According to sex therapist Laurie J Watson, negative body image is one of the biggest causes of widening orgasm gap, disrupters of sexual enjoyment, desire, and responsiveness in women. In school, Akanksha* was bullied for having thick hair on her body (or maybe just for having hair), and now she shudders when her partner performs oral sex. She has become repulsed by her own hair. Despite being in a long-term, consensual, loving and accepting relationship with a partner, she struggles to enjoy oral sex. Watson says that if women believe, regardless of the truth, that others view their body in a negative light, their desire will be disrupted. “I associate hair with ugliness,” says Akanksha, “I just do. If I don’t remove the hair, I can’t perform sexually.” 

“He despised my pubic hair. He’d make me remove it, and if I didn’t, he wouldn’t go down on me.” Image Source: Shreya Tingal/Feminism In india

But not everyone is lucky to have understanding partners. “He despised my pubic hair,” says Mahi*. “He’d make me remove it, and if I didn’t, he wouldn’t go down on me.” As a result, Mahi was perpetually distracted in bed. This further culminated in her incorporating numerous hair removal techniques. She spent her salary on painful bikini waxes and laser therapy, regrettably to no avail. “He’d often find pleasure in what I was doing for him and overlooked my pleasure. I haven’t been able to come as often as he has.” Sex became an object rather than a subject of which she felt less a part of and so the orgasm gap grew.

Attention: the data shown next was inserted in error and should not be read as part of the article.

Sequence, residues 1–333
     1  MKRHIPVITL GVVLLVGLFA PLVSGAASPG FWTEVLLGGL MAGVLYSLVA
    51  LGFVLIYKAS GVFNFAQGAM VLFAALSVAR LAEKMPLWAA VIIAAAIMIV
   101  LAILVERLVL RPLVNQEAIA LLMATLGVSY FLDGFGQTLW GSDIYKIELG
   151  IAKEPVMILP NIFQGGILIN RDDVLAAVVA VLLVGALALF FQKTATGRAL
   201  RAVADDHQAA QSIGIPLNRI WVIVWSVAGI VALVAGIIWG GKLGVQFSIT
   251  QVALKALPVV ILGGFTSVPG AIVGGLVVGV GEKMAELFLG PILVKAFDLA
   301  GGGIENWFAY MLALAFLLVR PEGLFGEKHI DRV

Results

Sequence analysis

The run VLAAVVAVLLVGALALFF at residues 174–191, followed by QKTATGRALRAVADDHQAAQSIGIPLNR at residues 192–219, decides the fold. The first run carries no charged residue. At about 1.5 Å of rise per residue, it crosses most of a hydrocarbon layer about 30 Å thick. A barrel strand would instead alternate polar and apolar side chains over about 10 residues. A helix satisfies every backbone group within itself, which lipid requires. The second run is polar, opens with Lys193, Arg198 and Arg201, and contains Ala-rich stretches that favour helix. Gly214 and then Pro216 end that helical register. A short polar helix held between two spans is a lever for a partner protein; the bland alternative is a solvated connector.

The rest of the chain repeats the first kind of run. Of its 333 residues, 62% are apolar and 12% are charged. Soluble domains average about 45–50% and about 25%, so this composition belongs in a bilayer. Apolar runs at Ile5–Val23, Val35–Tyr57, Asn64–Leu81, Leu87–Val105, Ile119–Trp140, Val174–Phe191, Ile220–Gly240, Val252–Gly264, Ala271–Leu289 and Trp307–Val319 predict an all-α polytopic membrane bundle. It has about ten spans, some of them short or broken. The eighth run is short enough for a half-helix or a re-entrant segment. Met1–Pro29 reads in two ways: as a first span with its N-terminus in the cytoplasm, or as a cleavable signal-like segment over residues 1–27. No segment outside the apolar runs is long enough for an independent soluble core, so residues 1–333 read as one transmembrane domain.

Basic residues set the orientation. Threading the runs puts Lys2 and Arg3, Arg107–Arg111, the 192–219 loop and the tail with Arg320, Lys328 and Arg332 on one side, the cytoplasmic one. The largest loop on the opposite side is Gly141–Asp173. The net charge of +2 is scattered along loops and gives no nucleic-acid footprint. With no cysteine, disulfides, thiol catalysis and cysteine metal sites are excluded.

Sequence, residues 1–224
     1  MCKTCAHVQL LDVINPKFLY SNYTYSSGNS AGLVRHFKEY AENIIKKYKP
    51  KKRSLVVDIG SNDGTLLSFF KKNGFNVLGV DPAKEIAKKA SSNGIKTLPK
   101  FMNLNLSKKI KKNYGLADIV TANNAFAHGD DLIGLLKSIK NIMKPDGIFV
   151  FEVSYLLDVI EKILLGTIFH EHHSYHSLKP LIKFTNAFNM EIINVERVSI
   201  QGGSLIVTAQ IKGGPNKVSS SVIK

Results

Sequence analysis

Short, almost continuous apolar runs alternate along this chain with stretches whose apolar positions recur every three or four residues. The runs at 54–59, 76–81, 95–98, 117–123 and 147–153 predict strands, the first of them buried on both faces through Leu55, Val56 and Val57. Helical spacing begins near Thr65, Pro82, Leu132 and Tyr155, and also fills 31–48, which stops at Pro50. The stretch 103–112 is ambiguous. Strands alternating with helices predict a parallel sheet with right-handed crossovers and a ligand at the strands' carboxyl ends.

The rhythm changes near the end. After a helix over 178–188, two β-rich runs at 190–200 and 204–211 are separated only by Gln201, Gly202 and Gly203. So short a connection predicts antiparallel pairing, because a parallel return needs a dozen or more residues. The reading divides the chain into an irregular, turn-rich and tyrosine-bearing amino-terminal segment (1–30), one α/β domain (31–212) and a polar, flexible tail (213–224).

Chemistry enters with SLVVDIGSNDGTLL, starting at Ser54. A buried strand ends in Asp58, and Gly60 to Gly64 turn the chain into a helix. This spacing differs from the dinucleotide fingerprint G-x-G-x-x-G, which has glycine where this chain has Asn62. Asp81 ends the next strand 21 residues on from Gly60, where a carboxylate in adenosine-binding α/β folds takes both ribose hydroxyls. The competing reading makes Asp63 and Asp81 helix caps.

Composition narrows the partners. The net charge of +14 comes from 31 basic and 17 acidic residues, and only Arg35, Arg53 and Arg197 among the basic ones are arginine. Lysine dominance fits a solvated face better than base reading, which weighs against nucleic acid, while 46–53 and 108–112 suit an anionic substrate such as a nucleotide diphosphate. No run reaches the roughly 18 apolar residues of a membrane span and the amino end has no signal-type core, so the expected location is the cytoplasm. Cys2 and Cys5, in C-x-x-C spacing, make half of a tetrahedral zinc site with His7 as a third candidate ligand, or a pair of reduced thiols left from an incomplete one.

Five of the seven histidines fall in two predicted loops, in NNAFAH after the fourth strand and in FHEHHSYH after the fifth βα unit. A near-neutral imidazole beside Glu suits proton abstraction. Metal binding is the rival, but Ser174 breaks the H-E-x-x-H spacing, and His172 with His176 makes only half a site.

Negative body image can serve as an ongoing distraction during sexual encounters, making the interaction less present, intimate, and pleasurable, says Jennifer Gunsaullus, intimacy coach and sociologist. 

Some girls are subjected to ridicule so harshly that admiring oneself becomes an abnormality. Urmi was told that she was unlovable because of her weight. “I couldn’t touch myself, or even look in the mirror until I was 18. It was only after I had been in therapy for a year that I really looked at myself and touched myself”, she says. But as her body developed, Urmi faced a wave of new evils: all of which could be traced back to the male gaze. Her breasts were deemed “desirable,” which reduced her sexuality to certain parts of her body. “Because my relationship with my own body was so difficult, I was confused if I was wanted for who I was,” she says. “I was confused about how my body was viewed; I don’t think I experienced sexual pleasure.”